Vague or inaccurate descriptions of charges make it difficult for consumers to determine exactly what they are paying for and whether they received the services that correspond to such charges. To address this concern, the Commission proposed that (1) each charge on a telephone bill be accompanied by a brief, plain language description of the service rendered, and (2) the name of the service provider be clearly and conspicuously identified in association with its charges. The Commission also asked whether telephone bills should differentiate between charges for which non-payment could result in termination of basic telephone service and those charges for which telephone service would not be terminated for non-payment. The Commission noted that consumers may be reluctant to dispute certain unwarranted charges due to a mistaken belief that their basic telephone service could be terminated for non-payment.
In addition, the Commission asked for comment on the descriptions of charges resulting from federal regulatory action, such as charges intended to recover telephone companies' costs in obtaining access and meeting universal service obligations. In particular, the Commission asked (1) whether it should prescribe "safe harbor" language for use by companies that pass on to their customers charges for universal service or access and, if so, what language might be appropriate, and (2) whether it is reasonable for a company to bill a consumer for an amount identified as attributable to a particular cost while charging more than the actual cost incurred. The Commission said its goal is for telephone bills to allow consumers to understand easily the basis for each charge, discount, and assessment on their bills so that consumers may compare among service providers and offerings to select the best value.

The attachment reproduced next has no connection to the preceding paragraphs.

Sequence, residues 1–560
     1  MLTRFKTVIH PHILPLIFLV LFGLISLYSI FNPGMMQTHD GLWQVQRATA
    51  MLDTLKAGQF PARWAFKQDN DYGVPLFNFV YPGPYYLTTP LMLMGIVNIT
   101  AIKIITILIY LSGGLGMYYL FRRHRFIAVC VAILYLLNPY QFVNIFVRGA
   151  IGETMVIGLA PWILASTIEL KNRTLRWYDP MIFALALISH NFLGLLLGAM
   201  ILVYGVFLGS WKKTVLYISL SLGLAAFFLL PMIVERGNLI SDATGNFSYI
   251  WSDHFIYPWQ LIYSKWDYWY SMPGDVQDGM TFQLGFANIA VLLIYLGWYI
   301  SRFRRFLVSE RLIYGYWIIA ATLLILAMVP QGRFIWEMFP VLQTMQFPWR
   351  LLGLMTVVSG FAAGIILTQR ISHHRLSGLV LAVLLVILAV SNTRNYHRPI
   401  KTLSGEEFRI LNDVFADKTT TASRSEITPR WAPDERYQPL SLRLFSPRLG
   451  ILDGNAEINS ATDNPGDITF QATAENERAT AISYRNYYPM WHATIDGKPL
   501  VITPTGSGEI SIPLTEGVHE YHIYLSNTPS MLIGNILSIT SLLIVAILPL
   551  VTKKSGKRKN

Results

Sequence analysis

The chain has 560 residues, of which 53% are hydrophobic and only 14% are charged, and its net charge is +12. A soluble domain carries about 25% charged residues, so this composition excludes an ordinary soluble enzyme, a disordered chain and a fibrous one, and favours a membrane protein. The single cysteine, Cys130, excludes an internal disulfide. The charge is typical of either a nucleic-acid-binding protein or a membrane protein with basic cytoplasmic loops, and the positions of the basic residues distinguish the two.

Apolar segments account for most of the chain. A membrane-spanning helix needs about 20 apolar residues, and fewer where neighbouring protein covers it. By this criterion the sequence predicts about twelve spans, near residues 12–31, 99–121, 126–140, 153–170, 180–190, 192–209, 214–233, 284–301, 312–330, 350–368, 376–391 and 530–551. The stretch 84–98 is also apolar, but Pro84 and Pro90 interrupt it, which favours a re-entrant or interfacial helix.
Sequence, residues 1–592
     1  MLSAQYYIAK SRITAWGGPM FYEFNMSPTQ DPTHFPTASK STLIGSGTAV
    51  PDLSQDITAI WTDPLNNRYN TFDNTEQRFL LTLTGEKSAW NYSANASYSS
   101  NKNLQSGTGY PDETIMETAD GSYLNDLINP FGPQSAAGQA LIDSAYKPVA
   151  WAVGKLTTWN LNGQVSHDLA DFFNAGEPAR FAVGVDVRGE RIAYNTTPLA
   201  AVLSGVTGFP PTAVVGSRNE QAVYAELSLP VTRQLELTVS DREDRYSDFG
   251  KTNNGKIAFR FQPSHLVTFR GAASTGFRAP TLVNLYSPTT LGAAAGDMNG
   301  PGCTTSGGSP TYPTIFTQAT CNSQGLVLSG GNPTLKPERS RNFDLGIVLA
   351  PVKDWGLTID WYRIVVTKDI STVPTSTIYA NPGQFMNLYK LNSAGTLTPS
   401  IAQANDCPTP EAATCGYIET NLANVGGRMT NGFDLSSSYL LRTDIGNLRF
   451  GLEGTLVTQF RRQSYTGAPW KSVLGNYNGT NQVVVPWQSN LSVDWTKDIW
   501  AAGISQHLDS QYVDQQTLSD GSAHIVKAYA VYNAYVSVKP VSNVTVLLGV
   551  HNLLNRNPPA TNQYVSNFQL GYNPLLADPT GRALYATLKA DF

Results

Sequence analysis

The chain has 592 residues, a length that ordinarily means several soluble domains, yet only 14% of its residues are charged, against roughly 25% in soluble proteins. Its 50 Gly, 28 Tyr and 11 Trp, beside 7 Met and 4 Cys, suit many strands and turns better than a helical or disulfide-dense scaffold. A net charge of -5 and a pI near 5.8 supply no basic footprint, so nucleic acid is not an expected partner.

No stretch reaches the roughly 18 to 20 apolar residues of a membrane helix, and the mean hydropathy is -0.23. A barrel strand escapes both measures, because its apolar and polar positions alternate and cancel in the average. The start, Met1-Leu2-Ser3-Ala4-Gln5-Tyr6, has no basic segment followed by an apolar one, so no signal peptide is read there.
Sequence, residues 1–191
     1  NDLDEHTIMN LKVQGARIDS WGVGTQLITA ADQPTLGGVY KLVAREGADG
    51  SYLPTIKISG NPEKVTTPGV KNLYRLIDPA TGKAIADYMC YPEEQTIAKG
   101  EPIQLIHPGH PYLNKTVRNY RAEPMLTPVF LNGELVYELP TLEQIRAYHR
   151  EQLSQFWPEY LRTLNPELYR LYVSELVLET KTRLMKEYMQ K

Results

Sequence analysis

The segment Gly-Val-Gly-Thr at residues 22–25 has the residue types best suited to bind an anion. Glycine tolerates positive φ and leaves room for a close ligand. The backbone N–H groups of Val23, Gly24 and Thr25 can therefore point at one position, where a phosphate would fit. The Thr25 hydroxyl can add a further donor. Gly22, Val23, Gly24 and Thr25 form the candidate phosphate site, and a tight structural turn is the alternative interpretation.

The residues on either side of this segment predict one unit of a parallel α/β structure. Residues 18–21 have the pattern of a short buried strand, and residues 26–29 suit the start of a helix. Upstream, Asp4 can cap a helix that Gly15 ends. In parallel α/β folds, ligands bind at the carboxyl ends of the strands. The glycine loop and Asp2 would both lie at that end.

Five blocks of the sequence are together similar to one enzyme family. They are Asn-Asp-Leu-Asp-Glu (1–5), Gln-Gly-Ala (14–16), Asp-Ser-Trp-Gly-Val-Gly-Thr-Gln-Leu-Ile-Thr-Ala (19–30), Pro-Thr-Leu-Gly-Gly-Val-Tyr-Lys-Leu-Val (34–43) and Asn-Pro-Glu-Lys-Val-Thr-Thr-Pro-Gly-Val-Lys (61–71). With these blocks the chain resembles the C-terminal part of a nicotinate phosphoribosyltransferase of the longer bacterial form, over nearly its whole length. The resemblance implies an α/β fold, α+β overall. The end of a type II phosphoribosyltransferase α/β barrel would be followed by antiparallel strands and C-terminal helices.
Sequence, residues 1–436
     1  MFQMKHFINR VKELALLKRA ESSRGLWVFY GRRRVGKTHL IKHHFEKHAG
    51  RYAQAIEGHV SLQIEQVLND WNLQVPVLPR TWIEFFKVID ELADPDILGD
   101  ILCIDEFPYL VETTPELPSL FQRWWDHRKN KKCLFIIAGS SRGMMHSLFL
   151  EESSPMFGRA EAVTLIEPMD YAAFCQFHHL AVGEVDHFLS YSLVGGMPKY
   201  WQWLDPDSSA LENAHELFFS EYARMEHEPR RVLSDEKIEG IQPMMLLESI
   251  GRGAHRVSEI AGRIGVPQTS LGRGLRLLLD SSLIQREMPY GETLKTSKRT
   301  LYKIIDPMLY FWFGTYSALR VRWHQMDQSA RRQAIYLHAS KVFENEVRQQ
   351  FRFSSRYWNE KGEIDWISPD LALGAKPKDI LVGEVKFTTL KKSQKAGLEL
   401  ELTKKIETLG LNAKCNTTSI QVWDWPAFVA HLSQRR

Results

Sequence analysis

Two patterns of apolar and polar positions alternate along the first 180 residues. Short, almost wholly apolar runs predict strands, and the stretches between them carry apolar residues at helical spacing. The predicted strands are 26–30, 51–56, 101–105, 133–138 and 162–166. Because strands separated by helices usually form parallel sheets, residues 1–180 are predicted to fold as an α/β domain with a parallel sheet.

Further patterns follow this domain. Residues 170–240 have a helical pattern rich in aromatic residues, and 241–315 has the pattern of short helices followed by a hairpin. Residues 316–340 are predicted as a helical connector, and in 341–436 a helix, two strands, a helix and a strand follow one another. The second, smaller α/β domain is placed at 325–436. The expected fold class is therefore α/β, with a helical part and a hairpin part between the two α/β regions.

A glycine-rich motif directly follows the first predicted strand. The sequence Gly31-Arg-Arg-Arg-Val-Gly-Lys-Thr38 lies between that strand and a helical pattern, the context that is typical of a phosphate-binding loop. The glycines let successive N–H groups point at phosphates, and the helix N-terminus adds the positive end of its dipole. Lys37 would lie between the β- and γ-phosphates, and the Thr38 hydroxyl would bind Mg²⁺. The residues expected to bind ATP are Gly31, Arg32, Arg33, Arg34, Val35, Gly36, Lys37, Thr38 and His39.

Three: Telephone bills should contain clear and conspicuous disclosure of any information consumers need to make inquiries about charges.
Many consumers have complained that telephone bills often fail to provide customers with adequate information to allow them to dispute charges. The Commission found that, particularly in the case of slamming and cramming, consumers often experience considerable difficulty in contacting the company whose charges appear on the bill. The Commission therefore proposed that each bill contain the name of each service provider, a business address, and a toll-free telephone number for the receipt of consumer inquiries and complaints. In addition, the Commission asked for any other proposals to ensure that consumers have the contact information they need to resolve billing disputes.
The Commission noted that many parties, including the National Association of Regulatory Utility Commissioners (NARUC), members of Congress, and consumer groups, have expressed concern about unclear or misleading telephone bills. The Commission stressed that it seeks input from all interested parties on how to address those concerns though this proceeding.
Action by the Commission September 17, 1998, by Notice of Proposed Rulemaking (FCC 98-232). Chairman Kennard, Commissioners Ness, Furchtgott-Roth, Powell and Tristani, with Commissioners Ness, Furchtgott-Roth, Powell and Tristani issuing separate statements.
News media contact: Rochelle Cohen at (202) 418-0253.
Common Carrier Bureau contact: Anita Cheng at (202) 418-0996.
TTY: (202) 418-2555.